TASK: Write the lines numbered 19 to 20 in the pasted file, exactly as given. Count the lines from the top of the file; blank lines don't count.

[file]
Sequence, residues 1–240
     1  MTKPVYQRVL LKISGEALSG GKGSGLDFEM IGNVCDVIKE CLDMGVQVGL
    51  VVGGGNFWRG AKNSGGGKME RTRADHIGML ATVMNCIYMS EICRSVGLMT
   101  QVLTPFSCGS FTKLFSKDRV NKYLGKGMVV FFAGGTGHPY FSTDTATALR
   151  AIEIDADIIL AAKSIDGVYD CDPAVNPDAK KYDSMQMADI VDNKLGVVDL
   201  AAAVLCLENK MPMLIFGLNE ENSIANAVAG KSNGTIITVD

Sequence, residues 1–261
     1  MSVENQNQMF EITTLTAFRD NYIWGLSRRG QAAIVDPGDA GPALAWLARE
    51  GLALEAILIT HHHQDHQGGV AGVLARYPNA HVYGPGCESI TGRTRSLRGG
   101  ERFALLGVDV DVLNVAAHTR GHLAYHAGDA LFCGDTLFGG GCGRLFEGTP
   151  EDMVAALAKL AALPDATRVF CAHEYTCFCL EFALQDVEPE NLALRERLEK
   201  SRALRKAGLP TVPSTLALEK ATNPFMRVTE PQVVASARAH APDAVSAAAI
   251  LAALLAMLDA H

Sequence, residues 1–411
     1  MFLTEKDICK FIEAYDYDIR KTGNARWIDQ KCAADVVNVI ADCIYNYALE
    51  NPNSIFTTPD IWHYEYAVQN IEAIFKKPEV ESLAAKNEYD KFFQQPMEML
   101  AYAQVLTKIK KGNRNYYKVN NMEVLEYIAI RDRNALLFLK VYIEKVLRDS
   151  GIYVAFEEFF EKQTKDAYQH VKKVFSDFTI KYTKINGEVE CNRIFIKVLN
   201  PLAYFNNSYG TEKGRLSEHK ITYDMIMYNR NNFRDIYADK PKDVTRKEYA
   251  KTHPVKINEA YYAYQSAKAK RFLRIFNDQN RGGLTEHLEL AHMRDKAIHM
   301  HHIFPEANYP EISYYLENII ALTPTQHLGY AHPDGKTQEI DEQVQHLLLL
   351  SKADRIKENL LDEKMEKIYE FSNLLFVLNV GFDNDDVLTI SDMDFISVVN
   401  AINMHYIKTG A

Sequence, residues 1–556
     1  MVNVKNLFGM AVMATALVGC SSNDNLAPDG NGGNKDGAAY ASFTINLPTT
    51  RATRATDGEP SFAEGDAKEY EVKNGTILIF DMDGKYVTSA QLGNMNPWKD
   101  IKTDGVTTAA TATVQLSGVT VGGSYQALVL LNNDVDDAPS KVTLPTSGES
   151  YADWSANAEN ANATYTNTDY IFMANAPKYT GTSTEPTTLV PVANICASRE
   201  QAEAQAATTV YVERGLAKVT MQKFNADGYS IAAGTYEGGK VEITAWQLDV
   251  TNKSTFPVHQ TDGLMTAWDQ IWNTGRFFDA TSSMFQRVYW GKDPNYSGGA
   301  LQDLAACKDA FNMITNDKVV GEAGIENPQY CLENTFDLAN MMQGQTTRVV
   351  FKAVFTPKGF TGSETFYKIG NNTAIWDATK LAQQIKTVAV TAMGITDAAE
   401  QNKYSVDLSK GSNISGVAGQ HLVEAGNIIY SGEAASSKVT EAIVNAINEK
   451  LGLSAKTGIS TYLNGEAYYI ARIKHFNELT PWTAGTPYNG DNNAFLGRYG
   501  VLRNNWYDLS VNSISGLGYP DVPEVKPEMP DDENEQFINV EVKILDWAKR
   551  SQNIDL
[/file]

   201  PLAYFNNSYG TEKGRLSEHK ITYDMIMYNR NNFRDIYADK PKDVTRKEYA
   251  KTHPVKINEA YYAYQSAKAK RFLRIFNDQN RGGLTEHLEL AHMRDKAIHM